“I don’t have time for that,” Al says, and Scorpius is taken aback by how forceful Al’s tone is. For as long as they’ve known each other -- which is to say, ever since Rose dragged her scrawny, bright-eyed cousin over to the Ravenclaw table for their third-ever breakfast at Hogwarts -- Al has been the reserved Potter sibling, the quietly clever Seeker to their brash and boisterous Keepers; while everyone knows when Lily is angry and James is horny, Scorpius has never seen Albus express much more than mild disappointment that the house-elves had run out of strawberry jam.
And now here he stands, dripping with dew and cold sweat, riled up for probably the first time in his life, and Scorpius? Is interested. He almost wants to take notes.
Instead, he shuts the window and climbs back up on his bed, yelping rather indelicately when he sits on what instinct and experience tells him is the corner of an unyielding hardcover book. (That’s where it went.) While he rearranges himself, Al throws himself onto Harmon’s bunk.
“Your beds are bigger than ours,” Al says, scrambling under the comforter.
“There are only two of us, yeah? So it’s always seemed like a waste to just use singles. It pays to be in Ravenclaw.”
Scorpius is well-aware that he’s taking part in some of the most awkward small-talk in Christendom, but he can’t help it; he and Al are nominally friends, but Rose is the thread that connects them. He can count on one hand the number of times they’ve been alone together over the last five and a half years, and at least half of those times involved waiting for Rose to finish up in the ladies’.
He knows that Al likes the Cannons and vegetable soup and Defence Against the Dark Arts, but he’s never really known if Al likes him.
“Four boys in Gryffindor,” Al mumbles. “Not enough room for this setup.”
Scorpius nods, because there’s nothing else to say about that. Luckily for him, Al sits straight up, and the dam chooses that moment to break.
“My parents,” Al says, in an unfamiliar voice, “are getting a divorce.”
Scorpius blinks. “Okay.”
“Um, I’m sorry?”
“It’s not your fault.” Al sighs. “Listen, I feel like a jerk about this, and I’m sorry for waking you up, and I know that you probably don’t care all that much, but I really.... I need to talk to you, okay?”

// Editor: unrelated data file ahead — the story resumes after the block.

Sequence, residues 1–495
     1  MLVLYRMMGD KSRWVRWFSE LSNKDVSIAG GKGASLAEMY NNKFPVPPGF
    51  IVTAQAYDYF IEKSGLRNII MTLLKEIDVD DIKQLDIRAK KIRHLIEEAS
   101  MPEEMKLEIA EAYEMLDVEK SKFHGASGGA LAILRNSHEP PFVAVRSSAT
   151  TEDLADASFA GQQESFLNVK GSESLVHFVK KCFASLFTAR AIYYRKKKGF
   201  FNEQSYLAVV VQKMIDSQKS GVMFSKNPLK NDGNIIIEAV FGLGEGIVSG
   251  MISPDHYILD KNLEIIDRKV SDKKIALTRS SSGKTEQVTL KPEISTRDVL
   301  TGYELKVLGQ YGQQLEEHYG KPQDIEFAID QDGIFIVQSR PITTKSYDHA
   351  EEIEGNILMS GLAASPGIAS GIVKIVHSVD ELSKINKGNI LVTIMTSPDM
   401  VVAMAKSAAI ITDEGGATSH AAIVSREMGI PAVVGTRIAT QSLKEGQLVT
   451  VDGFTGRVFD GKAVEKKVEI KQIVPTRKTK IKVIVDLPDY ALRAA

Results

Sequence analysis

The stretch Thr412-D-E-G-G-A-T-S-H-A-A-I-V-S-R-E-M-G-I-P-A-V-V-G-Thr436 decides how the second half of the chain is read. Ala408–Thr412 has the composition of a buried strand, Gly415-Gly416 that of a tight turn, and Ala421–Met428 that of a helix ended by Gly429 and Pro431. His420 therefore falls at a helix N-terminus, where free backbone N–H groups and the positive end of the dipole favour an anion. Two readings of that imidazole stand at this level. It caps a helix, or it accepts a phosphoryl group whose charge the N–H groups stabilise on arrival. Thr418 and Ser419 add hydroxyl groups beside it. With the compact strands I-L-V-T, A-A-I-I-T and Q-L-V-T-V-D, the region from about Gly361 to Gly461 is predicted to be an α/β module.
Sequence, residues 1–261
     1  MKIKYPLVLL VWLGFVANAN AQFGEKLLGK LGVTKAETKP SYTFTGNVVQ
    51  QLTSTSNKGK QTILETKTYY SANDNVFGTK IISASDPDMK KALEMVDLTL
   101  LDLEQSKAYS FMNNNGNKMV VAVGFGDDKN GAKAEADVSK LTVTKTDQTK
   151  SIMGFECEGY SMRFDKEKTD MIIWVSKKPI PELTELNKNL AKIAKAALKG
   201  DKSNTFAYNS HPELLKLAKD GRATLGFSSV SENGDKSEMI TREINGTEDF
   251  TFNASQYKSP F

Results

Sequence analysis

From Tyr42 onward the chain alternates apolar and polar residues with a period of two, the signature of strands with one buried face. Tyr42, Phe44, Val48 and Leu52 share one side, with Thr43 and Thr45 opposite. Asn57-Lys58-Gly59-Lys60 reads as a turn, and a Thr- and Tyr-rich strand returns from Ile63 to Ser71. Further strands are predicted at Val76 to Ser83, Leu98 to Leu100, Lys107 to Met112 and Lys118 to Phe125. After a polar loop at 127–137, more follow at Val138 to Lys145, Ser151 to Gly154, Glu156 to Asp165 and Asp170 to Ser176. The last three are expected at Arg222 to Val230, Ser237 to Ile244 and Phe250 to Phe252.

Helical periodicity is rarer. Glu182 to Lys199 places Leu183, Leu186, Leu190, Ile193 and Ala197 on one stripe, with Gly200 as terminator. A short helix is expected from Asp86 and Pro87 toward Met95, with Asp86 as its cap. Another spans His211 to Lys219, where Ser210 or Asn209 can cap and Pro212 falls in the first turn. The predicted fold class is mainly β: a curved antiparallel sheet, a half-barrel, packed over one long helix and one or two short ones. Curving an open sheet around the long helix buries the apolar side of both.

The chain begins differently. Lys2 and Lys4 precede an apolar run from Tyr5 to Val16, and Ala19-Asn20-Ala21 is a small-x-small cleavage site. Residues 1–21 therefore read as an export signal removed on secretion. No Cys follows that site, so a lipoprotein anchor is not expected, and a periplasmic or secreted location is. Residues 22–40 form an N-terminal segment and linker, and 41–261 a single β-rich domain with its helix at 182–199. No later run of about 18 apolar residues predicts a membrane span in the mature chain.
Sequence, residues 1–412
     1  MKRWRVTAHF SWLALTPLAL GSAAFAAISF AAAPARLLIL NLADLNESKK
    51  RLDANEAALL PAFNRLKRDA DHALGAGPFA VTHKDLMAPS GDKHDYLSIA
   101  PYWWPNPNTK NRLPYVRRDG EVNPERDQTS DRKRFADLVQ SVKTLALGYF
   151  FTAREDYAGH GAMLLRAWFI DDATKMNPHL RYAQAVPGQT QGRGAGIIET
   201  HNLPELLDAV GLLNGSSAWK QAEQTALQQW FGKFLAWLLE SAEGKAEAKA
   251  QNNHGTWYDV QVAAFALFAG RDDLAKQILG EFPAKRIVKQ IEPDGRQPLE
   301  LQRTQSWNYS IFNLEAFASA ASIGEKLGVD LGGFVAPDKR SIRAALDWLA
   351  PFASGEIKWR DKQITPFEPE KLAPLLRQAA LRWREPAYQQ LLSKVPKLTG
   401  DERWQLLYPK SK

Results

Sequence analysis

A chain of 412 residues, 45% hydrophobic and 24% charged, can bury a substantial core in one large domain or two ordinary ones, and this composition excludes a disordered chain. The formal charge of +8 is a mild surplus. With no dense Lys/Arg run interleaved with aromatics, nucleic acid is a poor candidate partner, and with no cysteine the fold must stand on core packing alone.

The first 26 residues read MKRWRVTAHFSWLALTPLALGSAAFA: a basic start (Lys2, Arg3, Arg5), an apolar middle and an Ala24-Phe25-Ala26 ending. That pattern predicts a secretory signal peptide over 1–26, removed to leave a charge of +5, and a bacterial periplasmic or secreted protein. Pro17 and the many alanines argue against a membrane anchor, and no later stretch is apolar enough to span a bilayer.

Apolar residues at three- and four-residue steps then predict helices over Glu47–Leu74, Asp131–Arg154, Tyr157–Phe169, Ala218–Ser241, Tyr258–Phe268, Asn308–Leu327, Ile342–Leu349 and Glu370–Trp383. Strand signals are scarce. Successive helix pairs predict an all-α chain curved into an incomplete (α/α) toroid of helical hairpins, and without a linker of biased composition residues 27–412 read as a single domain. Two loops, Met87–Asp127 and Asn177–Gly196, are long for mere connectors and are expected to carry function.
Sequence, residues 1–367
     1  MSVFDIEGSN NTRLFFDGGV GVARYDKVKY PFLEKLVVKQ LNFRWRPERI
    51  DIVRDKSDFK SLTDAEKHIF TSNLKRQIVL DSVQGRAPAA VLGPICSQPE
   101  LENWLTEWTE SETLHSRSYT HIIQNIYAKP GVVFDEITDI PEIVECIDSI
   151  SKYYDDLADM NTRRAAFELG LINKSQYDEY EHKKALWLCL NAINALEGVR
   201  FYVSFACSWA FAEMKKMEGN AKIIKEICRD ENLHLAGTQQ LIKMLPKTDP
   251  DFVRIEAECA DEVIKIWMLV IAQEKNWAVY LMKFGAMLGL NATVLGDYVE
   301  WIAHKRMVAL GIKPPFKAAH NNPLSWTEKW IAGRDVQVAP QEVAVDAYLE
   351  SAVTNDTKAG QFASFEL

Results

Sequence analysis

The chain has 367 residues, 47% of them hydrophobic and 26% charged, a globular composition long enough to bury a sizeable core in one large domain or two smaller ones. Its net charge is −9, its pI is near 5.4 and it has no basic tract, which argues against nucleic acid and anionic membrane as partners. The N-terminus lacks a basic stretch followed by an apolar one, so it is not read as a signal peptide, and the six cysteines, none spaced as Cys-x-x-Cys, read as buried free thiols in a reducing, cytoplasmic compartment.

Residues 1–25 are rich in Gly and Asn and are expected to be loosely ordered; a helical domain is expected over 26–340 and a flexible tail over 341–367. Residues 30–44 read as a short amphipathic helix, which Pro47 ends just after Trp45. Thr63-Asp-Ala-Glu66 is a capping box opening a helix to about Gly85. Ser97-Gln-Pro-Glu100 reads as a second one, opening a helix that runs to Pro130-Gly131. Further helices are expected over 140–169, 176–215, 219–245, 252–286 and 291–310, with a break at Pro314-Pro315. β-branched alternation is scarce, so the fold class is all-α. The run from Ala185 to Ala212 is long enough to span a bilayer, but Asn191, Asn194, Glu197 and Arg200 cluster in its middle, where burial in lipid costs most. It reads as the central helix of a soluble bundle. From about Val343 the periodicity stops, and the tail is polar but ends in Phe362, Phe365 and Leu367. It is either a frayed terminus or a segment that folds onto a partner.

This isn’t Albus Potter, Scorpius thinks. Albus Potter is calm and rational and hardly speaks two words together that aren’t carefully thought-out beforehand. Albus Potter doesn’t openly emote. Albus Potter hides inside hooded sweatshirts and an aura of impenetrable quietude, and he does not fly outside on a cold autumn night and force his way into Ravenclaw Tower to stutter and speak in strangled decibels.
Scorpius still can’t find his literary equivalent, but he’s beginning to see why Al’s in Gryffindor after all.
“Why me?” is what he ends up saying.
“Because you’re the only person I know whose parents are....” Al trails off. “Sorry.”
“It’s okay,” Scorpius says, and it is. First because Al’s right, second because he looks like the loneliest boy in England, and third because any insight into the Albus Potter enigma would be helpful at this point. “It’s not that common, I know. According to Belinda Abernathy’s Love and Marriage in a Magical World, only one in every seventeen wizarding marriages ends in divorce.”
“Magisociologist.” Scorpius feels his voice growing stronger; he’s on familiar ground now. “One of the leading researchers in the field of love-bonds and sexuality. The book came out about ten years ago, so the statistics could have shifted, but -- ”
“I get it.” Al wrinkles his nose. “It’s a book, and you practically eat those for breakfast. I won’t kill you for regurgitating old statistics.”
This isn’t how Scorpius’ conversations usually go. His father is the one who recommends him the books; his mother thinks everything he reads is ‘nice’’; and Rosie’s always up for an argument. His teachers usually wish he’d read the assigned texts, and his grandmother wishes he’d write for a change. But he’s never heard anyone sound that.... disappointed before.
He knows how to talk to his relatives and his teachers, because there are set rules for that. They pop up in Austen and Salinger and Fitzgerald, and even though his family’s a little different, he learned fast enough. And he knows how to talk to Rose, because she was the one who decided they were going to be friends on the Hogwarts Express (the first of many acts of adolescent rebellion) and no matter what he says, she seems to understand what he really means.
But if there’s some sort of example of how to speak to a more-than-casual acquaintance who looks like he’s either going to strangle someone or cry, Scorpius must have missed it.
“It’s.... it’s a really good book,” he tries.
“My grandmother got it for me the year my parents split,” and Scorpius doesn’t know why he says that; no one else knows that, not even his father.